Tuesday, March 30, 2010

Waiting for the garbage men

I am anxiously anticipating the trash pick up. I put out 4 of those big paper landscaping waste bags full of ivy and now the rain seems to be picking up. The garbage men usually come at mid-morning so I hope it all will last. I also believe that you can put out yard waste just in clearly marked bags, not in the tightly sealed cans, as the city requires for other garbage. They do say on the Baltimore City web site that there are no volume limits for yard waste, which is good because I have a lot out there.

I was particularly anxious to do a number on the yard because the neighborhood rat has been spotted again and I wanted to remove anything that might attract it (or them). This winter in particular has left a mess behind in my yard. The ivy fell over, branches broke off, and everything just looked terrible.

As shown in the photo, the wind and rain are pushing over my daffodils. Oh, well, I assume they’ll be all right after the rain leaves and the sun comes out. Yesterday I wrote an article about how to care for spring bulbs and I mentioned staking them. I did think of doing that to my own daffodils but the weather is supposed to improve soon.

While I was waiting for Blogger to settle out so I could post this, they came and took all of my bags of ivy. Hampden garbage men are the best!

Saturday, March 27, 2010

Drowning in Ivy

I keep thinking it is too early to do any real work in the garden, especially since it went down into the 20s here last night. I went out to putter around this afternoon and ended up doing major clean up. I even stopped to walk up to Giant to get some of those gigantic paper bags. Yes, I do have a compost pile, but I needed the bags for piles and piles of English ivy, which is everywhere in my yard. I pruned and pruned and pruned. Then I pruned some more. It all looks much better now. After I cleaned up I mowed the lawn for the first time this season and the whole place looks much improved.

When I was out there I was even more convinced that my new goals for the garden are the best thing. I have a small yard and in the spring I work the vegetables in around the spring bulbs and then eventually remove the bulbs. Now I can leave the bulbs in place, which will be much less work.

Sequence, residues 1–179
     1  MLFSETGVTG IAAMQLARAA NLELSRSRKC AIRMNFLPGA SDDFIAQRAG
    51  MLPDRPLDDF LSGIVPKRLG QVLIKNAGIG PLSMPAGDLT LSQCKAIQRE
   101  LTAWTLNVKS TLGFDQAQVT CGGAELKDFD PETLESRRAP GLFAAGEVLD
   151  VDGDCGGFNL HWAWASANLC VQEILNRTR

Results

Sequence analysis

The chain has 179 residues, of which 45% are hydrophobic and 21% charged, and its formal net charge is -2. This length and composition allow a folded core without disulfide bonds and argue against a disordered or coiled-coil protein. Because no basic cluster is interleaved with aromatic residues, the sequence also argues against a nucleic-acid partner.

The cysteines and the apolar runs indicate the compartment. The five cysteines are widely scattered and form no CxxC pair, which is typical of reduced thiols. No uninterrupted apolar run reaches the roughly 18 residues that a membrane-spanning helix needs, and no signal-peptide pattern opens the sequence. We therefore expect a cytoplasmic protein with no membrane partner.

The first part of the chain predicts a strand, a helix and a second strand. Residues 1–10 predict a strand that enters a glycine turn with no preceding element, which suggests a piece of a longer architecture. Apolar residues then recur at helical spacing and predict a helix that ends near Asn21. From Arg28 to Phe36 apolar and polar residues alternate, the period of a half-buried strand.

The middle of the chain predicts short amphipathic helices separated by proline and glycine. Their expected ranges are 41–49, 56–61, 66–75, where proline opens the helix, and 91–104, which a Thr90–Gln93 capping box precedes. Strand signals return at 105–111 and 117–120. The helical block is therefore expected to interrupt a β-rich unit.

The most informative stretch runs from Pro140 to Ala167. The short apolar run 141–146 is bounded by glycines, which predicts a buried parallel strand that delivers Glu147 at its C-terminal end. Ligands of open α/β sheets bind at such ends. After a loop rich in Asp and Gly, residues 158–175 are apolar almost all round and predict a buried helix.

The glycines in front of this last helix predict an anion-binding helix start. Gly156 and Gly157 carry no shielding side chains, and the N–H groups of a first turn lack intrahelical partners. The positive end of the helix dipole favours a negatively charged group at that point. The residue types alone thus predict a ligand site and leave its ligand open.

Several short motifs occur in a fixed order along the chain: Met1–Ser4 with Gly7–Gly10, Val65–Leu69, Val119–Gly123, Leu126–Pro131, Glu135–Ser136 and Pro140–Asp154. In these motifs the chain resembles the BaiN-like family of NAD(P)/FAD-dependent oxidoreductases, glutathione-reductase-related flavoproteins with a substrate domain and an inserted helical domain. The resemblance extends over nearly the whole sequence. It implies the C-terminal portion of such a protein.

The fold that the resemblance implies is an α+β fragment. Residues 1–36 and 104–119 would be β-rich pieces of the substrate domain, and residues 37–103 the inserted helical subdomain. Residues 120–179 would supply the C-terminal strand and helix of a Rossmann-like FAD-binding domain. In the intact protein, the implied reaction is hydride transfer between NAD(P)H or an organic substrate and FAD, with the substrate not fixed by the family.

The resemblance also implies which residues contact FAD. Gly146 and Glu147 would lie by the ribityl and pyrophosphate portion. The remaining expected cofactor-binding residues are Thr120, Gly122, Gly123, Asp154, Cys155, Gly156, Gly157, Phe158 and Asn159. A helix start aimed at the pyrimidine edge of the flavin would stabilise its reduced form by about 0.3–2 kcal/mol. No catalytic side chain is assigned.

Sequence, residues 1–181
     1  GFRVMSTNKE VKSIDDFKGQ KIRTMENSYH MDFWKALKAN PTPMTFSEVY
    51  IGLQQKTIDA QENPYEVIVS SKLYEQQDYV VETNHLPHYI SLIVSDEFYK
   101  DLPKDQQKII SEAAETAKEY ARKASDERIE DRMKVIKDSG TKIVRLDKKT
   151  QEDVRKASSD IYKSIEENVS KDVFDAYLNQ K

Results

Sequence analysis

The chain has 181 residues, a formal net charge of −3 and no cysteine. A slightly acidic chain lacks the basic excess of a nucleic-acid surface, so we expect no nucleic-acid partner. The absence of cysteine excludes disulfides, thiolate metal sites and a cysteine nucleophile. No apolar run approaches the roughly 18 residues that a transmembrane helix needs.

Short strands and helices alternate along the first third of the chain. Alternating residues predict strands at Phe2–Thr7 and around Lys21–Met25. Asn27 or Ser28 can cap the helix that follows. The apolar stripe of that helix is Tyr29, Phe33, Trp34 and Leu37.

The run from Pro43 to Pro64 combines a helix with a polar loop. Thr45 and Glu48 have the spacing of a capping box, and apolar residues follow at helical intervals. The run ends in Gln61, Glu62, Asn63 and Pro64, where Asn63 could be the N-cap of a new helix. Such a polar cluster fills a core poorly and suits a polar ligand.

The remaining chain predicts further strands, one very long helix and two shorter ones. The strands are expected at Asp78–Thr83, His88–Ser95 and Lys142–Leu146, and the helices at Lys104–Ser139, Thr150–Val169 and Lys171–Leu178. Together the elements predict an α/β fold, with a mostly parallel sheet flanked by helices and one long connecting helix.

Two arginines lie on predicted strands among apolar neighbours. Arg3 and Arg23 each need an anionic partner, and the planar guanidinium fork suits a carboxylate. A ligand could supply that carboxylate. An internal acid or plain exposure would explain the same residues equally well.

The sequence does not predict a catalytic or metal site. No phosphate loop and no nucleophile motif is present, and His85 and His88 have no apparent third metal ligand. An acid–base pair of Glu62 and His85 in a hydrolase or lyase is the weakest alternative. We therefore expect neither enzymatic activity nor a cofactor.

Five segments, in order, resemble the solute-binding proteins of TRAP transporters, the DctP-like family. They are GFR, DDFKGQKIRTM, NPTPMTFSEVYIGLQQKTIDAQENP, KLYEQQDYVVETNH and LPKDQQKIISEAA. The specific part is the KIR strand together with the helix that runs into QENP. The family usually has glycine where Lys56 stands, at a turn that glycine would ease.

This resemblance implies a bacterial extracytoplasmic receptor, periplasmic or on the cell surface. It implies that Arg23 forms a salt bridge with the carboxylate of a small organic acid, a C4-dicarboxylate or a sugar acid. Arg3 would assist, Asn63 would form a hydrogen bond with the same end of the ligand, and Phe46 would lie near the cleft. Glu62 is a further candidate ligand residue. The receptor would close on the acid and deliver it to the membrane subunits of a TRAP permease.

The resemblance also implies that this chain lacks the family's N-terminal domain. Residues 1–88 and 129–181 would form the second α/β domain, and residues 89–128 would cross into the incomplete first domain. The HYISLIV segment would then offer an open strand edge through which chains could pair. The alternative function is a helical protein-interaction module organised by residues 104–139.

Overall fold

Friday, March 26, 2010

Hyacinths and City Hall

I was putting out my recycling yesterday when I noticed a blooming white hyacinth in my yard. It puzzled me, but then I remembered that a student gave one to me last spring. It was potted and I saved the bulb and must have mixed it in with the daffodils. I spotted these hot pink ones when I was walking home from work yesterday. There are near a building in Remington that Hopkins uses, I think, for facilities management. Nice guys work there.

I’m trying to do my latest Examiner article but there is a problem with the photo upload tool. This is aggravating because part of my strategy is to have colorful, pretty, eye catching photos to draw people in. I’m just writing about this weekend's events, though.

Speaking of that, I was pleased that the City Hall garden is going to be up and running again. With the recent turmoil surrounding Sheila Dixon, my main worry was if the garden would continue. I was down there a lot last summer and really enjoying photographing it and writing about it. The June article has a slideshow that I particularly enjoyed making.

Tuesday, March 23, 2010

Daffodils and a Garden Plan‏

I have not finished planning my garden this year. I know, I know, everyone else has done this already. But, there were a few things I was thinking over and waiting out. I have to reconfigure things a bit because of a new shady area. But, that is not bad because the now shady spot was once a scorchingly sunny area where my plants often dried out. This year, I'm going to have bright shade tolerant flowers in that area, like impatiens. I decided to grow mostly flowers and herbs. Last year my vegetables did not produce the way I'd like them to and I think I'm going to give that a rest for this year and only grow pleasurable things. I'm going to get seeds for tall heirloom flowers and I will also wind morning glories around my bean poles. With my square foot vegetable bed, I might reconfigure it in the a more traditional herb garden design, with some kind of round shapes.